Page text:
Rania Hadi, the outreach manager for Google MENA, moderated the discussion panel of three women. At the Dubai Silicon headquarters, she spoke with Ambreen Musa, the founder and CEO of the financial platform Souqalamal, Loulou Khazen-Baz, the founder and CEO of the freelancers marketplace Nabbesh, and May Habib, the founder and CEO of the e-translation platform Qordoba,.
The speakers agreed that the UAE is the best place in the region for women to launch their startups. For Habib, “the Emirates are better than many European or American cities. For me, it is easier to work here than in Silicon Valley because of the quality of life in Dubai, the city of services (from laundry to cooking and housekeeping services available at reasonable prices). However, it is not the case in other Arab countries like Lebanon or Egypt where business infrastructure [is less widely] available, making it harder for women to establish their companies.”
Panelists didn’t find any substantial regional challenges specific to women entrepreneurs. Habib asserted that she rarely think of her gender as a factor in her daily career. For her, the most important things have been “skills and talents.” The difficulties faced by a woman or a man “are the same.”
Khazen-Baz was the only one who acknowledged the existence of specific challenges she faced being a woman. “Sometimes, women must make more effort to get attention especially from investors. I don’t think it is due to lack of confidence but maybe due to the way women deal and communicate differently than men.” Habib and Musa disagreed strongly with this comment!
Musa pointed out that the most important thing for a so-called mompreneur is to make the right decisions and find a balance between her personal and professional life. This is difficult to achieve, “especially when you launch your own company.” She added: “you have to work additional hours, more than working in some corporate sectors. When I launched my platform, it was really difficult, especially because I worked weekends. But I started finding the balance and devoting more time to my daughter, hoping that she will be proud of me when she gets older.”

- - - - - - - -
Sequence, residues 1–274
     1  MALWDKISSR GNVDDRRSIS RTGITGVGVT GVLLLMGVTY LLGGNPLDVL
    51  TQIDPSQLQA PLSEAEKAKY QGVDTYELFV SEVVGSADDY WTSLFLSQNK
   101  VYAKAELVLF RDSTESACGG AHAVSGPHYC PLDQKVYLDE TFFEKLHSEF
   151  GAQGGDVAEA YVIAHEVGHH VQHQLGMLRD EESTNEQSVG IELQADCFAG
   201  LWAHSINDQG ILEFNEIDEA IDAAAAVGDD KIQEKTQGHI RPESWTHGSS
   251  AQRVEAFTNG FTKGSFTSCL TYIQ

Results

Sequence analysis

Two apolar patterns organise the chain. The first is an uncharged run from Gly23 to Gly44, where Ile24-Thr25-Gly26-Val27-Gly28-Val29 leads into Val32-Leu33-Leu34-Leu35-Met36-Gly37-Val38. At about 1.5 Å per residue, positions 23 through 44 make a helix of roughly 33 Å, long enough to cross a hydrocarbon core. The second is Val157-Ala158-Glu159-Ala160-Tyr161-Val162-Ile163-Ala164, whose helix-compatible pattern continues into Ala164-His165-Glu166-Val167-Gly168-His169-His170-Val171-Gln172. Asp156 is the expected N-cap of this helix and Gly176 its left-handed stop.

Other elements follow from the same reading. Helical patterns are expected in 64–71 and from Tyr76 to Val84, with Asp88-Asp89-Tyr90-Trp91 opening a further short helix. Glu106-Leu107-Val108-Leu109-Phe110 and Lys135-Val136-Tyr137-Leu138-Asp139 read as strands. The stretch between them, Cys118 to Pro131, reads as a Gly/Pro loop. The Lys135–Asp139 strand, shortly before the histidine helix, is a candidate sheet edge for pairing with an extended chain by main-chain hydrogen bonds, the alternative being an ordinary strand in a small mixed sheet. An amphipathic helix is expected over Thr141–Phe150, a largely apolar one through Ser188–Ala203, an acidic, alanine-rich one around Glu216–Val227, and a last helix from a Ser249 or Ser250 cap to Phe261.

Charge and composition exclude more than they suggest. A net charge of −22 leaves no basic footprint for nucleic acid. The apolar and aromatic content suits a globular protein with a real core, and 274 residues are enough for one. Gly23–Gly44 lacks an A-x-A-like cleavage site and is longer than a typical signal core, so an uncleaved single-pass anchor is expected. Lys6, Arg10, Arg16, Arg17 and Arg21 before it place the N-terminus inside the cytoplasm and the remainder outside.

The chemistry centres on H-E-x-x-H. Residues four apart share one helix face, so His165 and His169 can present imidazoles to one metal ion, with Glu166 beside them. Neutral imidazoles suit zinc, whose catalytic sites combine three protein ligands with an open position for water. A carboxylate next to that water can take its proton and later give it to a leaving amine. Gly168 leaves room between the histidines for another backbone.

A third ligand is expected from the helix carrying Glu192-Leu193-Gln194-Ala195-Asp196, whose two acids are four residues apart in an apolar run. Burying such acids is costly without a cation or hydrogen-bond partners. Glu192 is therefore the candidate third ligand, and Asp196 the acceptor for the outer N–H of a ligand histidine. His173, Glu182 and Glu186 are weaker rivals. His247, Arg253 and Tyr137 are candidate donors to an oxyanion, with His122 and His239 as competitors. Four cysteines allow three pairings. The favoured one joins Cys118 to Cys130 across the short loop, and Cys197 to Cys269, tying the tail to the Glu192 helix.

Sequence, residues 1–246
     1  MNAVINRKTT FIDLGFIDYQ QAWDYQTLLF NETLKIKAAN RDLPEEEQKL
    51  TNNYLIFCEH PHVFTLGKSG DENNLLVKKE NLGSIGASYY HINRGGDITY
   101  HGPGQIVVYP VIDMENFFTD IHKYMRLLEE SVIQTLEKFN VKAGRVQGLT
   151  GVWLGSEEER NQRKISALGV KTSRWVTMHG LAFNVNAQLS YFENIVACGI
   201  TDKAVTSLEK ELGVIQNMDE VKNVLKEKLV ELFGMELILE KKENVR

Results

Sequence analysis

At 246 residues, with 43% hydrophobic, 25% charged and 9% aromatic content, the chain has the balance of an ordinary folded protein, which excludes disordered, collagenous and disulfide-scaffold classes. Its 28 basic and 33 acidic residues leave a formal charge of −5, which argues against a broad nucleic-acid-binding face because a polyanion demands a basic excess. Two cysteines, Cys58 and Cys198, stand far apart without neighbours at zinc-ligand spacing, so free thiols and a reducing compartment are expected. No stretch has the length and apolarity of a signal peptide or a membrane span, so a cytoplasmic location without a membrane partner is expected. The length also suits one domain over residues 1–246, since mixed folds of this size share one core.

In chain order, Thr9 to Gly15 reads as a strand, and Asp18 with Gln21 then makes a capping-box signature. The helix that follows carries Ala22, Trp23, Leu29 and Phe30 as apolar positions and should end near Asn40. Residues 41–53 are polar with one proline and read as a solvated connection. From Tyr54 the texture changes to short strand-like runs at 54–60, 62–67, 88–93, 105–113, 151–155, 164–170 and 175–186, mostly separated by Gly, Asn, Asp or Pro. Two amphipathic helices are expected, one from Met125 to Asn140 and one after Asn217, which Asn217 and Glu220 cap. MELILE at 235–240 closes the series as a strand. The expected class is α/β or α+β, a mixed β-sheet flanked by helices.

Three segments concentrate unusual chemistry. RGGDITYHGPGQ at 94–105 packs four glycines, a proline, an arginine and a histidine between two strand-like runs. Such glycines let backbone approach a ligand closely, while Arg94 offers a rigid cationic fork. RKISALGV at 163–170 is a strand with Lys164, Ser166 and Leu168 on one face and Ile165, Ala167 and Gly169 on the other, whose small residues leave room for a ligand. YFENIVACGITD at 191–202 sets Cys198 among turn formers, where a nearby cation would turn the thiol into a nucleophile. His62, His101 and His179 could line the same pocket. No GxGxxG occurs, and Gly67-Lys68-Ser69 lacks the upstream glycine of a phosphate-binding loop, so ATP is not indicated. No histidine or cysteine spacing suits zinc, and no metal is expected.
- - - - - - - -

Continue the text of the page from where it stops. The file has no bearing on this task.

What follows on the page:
The three entrepreneurs agreed on the keys to success, for women and men alike. The following can summarize it:
- Passion. You must be obsessed by the idea
and think of it all the time.
- Experiencing corporate life. None of the
three panelists recommended establishing a company right after
graduation (although Musa launched her company at age 21; Habib
labeled her “a genius”). For Habib, a corporate position hones
anybody’s skills, and eases the path of entrepreneurship.
- Research. You must do a lot of research
before establishing your company to understand all the intricacies
of your chosen industry.
- Mental and financial readiness.
To achieve success, it is very important to get the support of both public and private sectors. Khazen-Baz considered the role of the media to be very important, especially with the lack of initiatives specifically directed towards women entrepreneurs. According to her, if media dedicated more time for women entrepreneurs’ success stories, more women would be encouraged to pursue their goals. She stressed the role of media in changing stereotypes regarding how women are perceived at work.
While ostensibly about women entrepreneurs, the shift in the conversation towards a general ‘secret recipe’ for a successful entrepreneur regardless of gender may signify an increasing equality between women and men in the business world. It’s clear based on this discussion that the challenges, for many, are the same.